By Daniel Wallis
CARACAS (Reuters) - There is "no doubt" Venezuelan President Hugo Chavez will run for re-election next year despite returning to Cuba for more treatment after cancer surgery, the OPEC-member nation's finance minister said on Monday.
The political situation in South America's biggest oil exporter has been rocked by Chavez's announcement that he had an operation in Havana last month to remove a baseball-sized tumor.
Before flying back to Cuba on Saturday for chemotherapy, the 56-year-old said doctors had found no malignant cells in his body after the surgery. But his illness has raised doubts about his fitness to govern the country of 29 million people.
"I think there is no doubt the president will be present at the 2012 elections and then for many more years," Finance Minister Jorge Giordani said in an interview with state TV.
Chavez has resisted opposition demands to hand over the presidency temporarily during his absence abroad. Instead, the socialist leader has delegated some powers, including budgetary matters, to Giordani and Vice President Elias Jaua.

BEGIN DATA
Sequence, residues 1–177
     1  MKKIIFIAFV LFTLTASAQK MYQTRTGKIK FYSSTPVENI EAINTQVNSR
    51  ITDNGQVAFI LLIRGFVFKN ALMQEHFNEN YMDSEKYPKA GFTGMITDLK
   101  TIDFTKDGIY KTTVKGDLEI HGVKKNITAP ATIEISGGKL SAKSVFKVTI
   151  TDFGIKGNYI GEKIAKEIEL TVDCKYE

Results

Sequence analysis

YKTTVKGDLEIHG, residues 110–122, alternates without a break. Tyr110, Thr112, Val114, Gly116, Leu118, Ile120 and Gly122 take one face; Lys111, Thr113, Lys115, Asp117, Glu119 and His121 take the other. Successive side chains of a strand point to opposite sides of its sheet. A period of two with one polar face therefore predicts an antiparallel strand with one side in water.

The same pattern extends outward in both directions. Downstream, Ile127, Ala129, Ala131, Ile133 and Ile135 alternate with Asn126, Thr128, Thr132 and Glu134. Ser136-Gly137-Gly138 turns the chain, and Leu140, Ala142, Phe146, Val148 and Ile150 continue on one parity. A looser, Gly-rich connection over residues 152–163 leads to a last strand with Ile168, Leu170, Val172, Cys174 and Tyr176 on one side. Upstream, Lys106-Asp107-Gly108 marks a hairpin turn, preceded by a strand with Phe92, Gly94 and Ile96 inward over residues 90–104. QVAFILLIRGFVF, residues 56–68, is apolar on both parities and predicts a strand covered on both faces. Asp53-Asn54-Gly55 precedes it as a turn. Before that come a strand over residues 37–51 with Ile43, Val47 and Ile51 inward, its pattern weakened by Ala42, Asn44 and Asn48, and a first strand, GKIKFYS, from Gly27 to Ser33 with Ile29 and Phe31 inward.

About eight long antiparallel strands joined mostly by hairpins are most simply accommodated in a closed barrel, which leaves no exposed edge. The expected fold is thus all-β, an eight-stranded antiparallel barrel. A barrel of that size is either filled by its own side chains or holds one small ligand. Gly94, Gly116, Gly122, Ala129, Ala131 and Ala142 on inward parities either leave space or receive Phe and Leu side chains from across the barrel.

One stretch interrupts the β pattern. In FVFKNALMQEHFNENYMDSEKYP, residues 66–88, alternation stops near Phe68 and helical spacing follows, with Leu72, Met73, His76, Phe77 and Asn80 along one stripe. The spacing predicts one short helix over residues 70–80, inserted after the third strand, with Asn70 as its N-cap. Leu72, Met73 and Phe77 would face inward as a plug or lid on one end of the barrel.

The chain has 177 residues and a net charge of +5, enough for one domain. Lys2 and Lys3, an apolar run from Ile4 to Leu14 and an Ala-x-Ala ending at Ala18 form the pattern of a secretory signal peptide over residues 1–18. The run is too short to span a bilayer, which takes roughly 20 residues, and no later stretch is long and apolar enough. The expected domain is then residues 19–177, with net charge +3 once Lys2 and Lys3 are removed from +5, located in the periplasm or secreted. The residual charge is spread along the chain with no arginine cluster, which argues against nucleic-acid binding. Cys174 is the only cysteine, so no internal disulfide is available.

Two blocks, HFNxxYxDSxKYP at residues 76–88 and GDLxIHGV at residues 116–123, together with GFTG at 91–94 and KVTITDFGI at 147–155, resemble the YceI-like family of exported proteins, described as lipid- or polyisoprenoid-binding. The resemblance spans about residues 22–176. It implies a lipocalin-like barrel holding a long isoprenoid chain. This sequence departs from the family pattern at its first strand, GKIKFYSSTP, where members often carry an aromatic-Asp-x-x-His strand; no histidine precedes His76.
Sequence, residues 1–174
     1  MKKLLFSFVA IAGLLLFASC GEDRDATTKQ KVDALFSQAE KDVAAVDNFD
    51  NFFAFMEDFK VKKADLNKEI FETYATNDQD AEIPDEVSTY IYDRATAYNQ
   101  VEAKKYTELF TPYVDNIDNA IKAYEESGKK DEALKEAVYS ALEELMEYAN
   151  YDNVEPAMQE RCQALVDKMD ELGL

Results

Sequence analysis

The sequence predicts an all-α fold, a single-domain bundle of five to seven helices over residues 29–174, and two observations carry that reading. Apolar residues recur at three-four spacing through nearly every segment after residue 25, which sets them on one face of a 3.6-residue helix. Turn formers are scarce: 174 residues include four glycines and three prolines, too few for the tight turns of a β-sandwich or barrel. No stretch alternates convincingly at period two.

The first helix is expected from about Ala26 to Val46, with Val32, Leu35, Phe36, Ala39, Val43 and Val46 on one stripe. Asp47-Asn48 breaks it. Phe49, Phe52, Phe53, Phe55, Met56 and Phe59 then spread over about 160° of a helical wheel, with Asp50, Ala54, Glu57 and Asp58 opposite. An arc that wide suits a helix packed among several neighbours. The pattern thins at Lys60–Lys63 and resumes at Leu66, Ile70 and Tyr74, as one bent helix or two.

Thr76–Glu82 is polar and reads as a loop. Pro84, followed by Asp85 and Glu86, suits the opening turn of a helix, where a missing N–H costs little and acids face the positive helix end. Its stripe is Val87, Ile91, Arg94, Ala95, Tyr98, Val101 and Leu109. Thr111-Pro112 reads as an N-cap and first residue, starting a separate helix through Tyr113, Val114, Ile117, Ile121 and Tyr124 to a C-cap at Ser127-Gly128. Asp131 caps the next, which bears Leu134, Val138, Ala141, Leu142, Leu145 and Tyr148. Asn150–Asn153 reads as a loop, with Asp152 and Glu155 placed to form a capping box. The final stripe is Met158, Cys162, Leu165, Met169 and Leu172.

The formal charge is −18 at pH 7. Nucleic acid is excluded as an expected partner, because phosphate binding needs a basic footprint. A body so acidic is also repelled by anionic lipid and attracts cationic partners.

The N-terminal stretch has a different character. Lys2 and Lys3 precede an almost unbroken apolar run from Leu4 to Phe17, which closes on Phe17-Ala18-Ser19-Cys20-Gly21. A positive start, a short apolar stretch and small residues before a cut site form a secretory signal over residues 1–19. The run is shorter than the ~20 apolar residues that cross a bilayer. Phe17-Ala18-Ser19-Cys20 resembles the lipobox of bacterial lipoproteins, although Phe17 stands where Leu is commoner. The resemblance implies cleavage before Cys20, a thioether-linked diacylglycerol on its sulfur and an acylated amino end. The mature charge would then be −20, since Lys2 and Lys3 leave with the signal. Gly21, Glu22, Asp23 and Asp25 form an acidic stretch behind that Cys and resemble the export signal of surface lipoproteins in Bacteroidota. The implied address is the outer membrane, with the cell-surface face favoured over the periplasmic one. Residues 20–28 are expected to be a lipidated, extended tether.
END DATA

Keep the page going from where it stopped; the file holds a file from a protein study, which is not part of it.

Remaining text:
Chavez, whose charisma and image of invincibility have helped him win numerous ballots, is visibly weakened as he plans his re-election campaign.
He has not said what type of cancer he has, nor exactly how long he will be out of the country this time. He said on Saturday he would be ready to fly home again "in a few days."
His comments over the weekend would indicate that the cancer has not spread to other parts of the body and thus become more dangerous and difficult to treat.
One source close to Chavez's medical team in Venezuela has told Reuters he is suffering from colon cancer that could require months of chemotherapy. That has not been confirmed.
Opposition politicians say his absence from Venezuela while he is in Havana as the guest of former Cuban leader Fidel Castro, his friend and political mentor, puts the country's security at risk.
Since taking office in 1999, Chavez has been known for his frequent taunting of the United States, aggressive takeovers in Venezuela's vital oil sector and nationalizations of large swathes of its economy.
Chavez had been warming up to run for another six-year term in next year's polls when his illness struck. He is still the only declared candidate for the election. But questions are inevitably being asked about his condition.
(Editing by Will Dunham)